Commit e87257fb authored by Christian Tischer's avatar Christian Tischer Committed by Aliaksandr Halavatyi

Update modules

parent 1bfd1d8d
---
title: Image binarization
layout: module
prerequisites:
- "[Basic properties of images and pixels](pixels)"
objectives:
- "Describe the relationship between an intensity image and a derived binary image"
- "Apply a threshold to distinguish foreground and background pixels"
motivation: >
Very often, one wants to detect objects or specific regions in images. Typically, the first step to achieve this aim is to distinguish so-called background pixels, which do not contain objects or interesting regions, from foreground pixels, which mark the areas of interest. The foreground regions can than be further processed, e.g to detect objects or perform measurements.
concept_map: >
graph TD
PV("Pixel values") --> BA(Binarization algorithm)
BA --> BPV("Binarized pixel values")
BPV --> BG("Background (0)")
BPV --> FG("Foreground (1)")
figure: /figures/binarization.png
figure_legend: An image before and after applying a threshold. Can you see what the treshold value was?
activity_preface: >
Open an image and binarize it by applying a threshold.
activities:
"ImageJ GUI": "binarization/activities/binarization_imagejgui.md"
"ImageJ Macro": "binarization/activities/binarization_imagejmacro.md"
"Jython": "binarization/activities/binarization_jython.md"
"MATLAB": "binarization/activities/binarization_matlab.md"
exercises_preface: >
### Fill in the blanks
- Pixels in a binary image can have maximally ___ different values.
- If the threshold is larger than the maximal pixel value in the intensity image, all pixels in the binary image have a value of ___.
exercises:
"ImageJ GUI": "binarization/exercises/binarization_imagejgui.md"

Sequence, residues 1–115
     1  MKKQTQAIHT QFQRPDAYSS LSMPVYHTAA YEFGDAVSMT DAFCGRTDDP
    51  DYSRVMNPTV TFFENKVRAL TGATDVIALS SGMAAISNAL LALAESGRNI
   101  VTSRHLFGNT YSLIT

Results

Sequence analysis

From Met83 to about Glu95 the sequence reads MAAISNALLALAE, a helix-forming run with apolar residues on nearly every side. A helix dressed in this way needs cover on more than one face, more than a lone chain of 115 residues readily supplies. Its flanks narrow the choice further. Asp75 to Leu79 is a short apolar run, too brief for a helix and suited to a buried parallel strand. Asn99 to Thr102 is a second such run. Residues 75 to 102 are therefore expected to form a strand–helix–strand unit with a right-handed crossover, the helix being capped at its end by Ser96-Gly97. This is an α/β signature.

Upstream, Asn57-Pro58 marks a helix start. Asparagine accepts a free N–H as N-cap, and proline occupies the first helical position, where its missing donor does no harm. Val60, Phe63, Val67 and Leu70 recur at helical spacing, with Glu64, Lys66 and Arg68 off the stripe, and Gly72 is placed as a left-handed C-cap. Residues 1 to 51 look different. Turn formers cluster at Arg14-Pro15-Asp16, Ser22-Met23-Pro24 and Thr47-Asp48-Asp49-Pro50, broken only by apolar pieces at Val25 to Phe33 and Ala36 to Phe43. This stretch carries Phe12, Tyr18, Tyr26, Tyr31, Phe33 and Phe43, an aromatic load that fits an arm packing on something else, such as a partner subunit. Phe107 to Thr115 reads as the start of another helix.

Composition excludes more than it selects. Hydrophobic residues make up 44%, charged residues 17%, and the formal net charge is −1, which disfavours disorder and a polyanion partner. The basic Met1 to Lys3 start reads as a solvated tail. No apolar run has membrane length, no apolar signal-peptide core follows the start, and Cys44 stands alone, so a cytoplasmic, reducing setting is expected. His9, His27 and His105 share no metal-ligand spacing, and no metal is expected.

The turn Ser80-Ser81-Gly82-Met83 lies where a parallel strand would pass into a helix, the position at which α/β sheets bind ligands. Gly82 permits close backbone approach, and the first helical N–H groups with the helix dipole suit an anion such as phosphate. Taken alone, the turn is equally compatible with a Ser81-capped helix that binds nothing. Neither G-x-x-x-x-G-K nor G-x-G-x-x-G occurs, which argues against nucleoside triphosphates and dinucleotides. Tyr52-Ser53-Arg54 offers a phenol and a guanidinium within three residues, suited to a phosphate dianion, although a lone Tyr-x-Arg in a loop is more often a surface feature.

"ImageJ Macro": "binarization/exercises/binarization_imagejmacro.md"
"Jython": "binarization/exercises/binarization_jython.md"
"MATLAB": "binarization/exercises/binarization_matlab.md"
learn_next:
- "[Algorithms to automatically determine a threshold value](auto_threshold)"
- "[Finding objects in a binary image](connected_components)"
external_links:
- "[Wikipedia: Binary image](https://en.wikipedia.org/wiki/Binary_image)"
---
---
title: Image calibration
layout: page
---
## Image calibration
<img src='https://g.gravizo.com/svg?
digraph G {
shift [fontcolor=white,color=white];
pixel -> indices;
pixel -> coordinates;
indices -> calibration;
calibration -> coordinates;
calibration -> anisotropic [label=" can be"];
image -> calibration [label=" can have"];
}
'/>
### Activity: Explore image calibration
* Open image: xy_8bit__nuclei_noisy_different_intensity.tif
* Add image calibration
* Explore whether and how this affects image display and measurements (e.g. distance between two points)
### Activity: Explore anisotropic 3D image data
* Open image: xy_8bit_calibrated_anisotropic__mri_stack.tif
* Appreciate that the pixels are anisotropic
### Formative assessment
True or false?
* Changing the image calibration changes the pixel values.
* Pixel coordinates depend on image calibration.
---
title: Morphological filters
layout: page
permalink: /filtermorphological
---
# Morphological filters
## Requirements
- Neighbourhood filters
- Rank filters
## Motivation
This module explains how filters can be used to change size and shape of objects in the image.
## Learning objectives